Glider-Girl enables the velocity to build up gradually before accelerating quickly and entering the crisp winter air at a high altitude. As the sailplane accelerates upwards at the rate of a jet fighter, the high-tensile cable is rapidly wound onto the V8-powered winch that is working hard far below. In the end, she brings the nose down, pulls the release, and there is a sudden shock as the wire disappears. The girl and her glider travel through the air in complete quiet, covering far more distance quickly and easily than those other, more fragile planes.
However, because it is winter, even a sailplane will have to land soon if there is no rising air for it to play in. At a height of 900 feet above the earth, Glider-Girl completes another checklist before joining the circuit. The standard pre-landing procedure involves lowering the undercarriage and setting the flaps. We watch as she completes the leg of her circle that is against the wind and then turns elegantly into the final approach with just a hint of a bend in those lovely long and delicate wings. Glider-Girl releases the airbrakes around midway during the takeoff.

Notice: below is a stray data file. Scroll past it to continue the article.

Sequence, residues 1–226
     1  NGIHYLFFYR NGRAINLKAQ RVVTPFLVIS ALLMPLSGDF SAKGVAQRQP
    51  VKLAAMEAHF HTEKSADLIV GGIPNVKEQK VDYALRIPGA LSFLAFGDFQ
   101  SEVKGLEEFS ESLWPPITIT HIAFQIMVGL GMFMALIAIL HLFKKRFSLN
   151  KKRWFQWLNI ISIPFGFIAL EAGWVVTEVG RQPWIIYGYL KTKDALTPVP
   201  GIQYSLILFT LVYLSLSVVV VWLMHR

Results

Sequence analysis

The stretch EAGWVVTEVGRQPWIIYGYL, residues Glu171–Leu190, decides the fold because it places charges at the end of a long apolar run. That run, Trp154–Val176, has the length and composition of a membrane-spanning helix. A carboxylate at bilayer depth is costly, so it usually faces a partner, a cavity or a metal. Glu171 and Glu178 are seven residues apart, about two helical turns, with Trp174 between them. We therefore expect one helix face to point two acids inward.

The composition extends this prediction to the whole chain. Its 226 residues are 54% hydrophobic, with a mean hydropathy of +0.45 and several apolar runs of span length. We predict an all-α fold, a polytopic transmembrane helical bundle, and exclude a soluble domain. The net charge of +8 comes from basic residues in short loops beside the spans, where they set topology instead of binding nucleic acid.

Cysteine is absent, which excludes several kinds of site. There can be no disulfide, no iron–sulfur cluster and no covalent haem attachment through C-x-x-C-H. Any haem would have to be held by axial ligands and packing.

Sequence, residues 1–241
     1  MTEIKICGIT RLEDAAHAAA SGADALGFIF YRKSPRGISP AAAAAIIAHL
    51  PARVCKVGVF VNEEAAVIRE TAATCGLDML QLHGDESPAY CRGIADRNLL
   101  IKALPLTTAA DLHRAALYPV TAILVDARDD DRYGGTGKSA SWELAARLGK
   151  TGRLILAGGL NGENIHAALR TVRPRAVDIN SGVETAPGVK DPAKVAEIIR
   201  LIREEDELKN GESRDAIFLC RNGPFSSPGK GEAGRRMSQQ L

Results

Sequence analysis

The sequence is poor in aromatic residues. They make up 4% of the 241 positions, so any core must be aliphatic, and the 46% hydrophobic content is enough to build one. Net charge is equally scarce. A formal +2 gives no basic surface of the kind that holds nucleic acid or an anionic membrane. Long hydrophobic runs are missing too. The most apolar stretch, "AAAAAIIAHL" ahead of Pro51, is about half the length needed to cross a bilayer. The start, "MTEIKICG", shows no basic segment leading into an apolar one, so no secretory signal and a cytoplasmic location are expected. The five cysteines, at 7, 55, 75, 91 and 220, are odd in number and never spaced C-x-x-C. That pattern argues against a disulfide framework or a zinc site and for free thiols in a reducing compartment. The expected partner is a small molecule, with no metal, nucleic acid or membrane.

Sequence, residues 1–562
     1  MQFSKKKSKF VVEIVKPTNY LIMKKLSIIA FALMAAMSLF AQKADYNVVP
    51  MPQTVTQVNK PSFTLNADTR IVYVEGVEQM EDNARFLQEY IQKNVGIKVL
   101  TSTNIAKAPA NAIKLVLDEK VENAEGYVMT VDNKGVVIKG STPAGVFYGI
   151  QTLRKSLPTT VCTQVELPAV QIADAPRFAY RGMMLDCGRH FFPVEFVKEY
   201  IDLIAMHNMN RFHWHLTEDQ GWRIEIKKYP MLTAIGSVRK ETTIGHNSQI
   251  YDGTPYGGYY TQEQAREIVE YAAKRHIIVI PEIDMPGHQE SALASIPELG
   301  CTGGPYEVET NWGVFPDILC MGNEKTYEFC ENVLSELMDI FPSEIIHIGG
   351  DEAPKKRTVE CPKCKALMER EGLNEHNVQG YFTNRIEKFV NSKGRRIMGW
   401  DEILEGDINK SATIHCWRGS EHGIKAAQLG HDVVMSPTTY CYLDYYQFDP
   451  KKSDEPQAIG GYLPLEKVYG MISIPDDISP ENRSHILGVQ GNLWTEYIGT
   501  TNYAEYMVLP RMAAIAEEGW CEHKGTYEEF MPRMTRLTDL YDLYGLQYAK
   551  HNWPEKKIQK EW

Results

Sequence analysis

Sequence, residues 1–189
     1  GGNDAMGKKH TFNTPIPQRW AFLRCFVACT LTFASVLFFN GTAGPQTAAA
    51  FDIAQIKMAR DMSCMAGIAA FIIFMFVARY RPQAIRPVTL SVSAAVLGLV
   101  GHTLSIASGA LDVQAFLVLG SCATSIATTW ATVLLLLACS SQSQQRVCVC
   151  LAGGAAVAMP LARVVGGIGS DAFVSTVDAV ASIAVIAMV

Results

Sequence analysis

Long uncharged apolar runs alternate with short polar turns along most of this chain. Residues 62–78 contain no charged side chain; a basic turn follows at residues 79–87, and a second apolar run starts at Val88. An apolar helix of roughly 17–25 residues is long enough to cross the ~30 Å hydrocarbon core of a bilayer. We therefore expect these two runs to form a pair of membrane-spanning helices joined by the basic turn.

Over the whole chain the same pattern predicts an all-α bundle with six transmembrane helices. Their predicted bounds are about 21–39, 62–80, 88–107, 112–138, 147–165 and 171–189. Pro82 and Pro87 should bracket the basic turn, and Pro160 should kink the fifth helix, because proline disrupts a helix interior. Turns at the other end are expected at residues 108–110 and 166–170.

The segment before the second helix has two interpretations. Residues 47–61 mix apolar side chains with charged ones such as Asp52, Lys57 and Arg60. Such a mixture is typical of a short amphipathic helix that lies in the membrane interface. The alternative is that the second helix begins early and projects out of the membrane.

They are getting closer, but they are still a bit high, so she spins the brakes out even farther, and they claw at the wind that is passing over the wing. She does a good job despite the difficulty of the task, which involves a delicate dance including a stick, rudder pedals, and an airbrake lever. As she glides above the threshold of the runway, she cautiously lowers the heavy machine’s main tyre onto the dirt strip. A couple of faint rattling sounds as the tail wheel makes contact with the ground at roughly the same instant, now slowly, now dragging a wing tip in the soil as the craft drops to a speed lower than that of flight. We go outside to find her and offer our assistance in pulling the machine forward. After demonstrating such a high level of elegance in the air, it lands in such a clumsy manner, much like a pelican.
why not pick up the phone and give your family a few calls so that they may see your neighbourhood Para-Man, Hangy-Man, or Glider-Girl for themselves? And maybe fantasise of being able to fly as they do.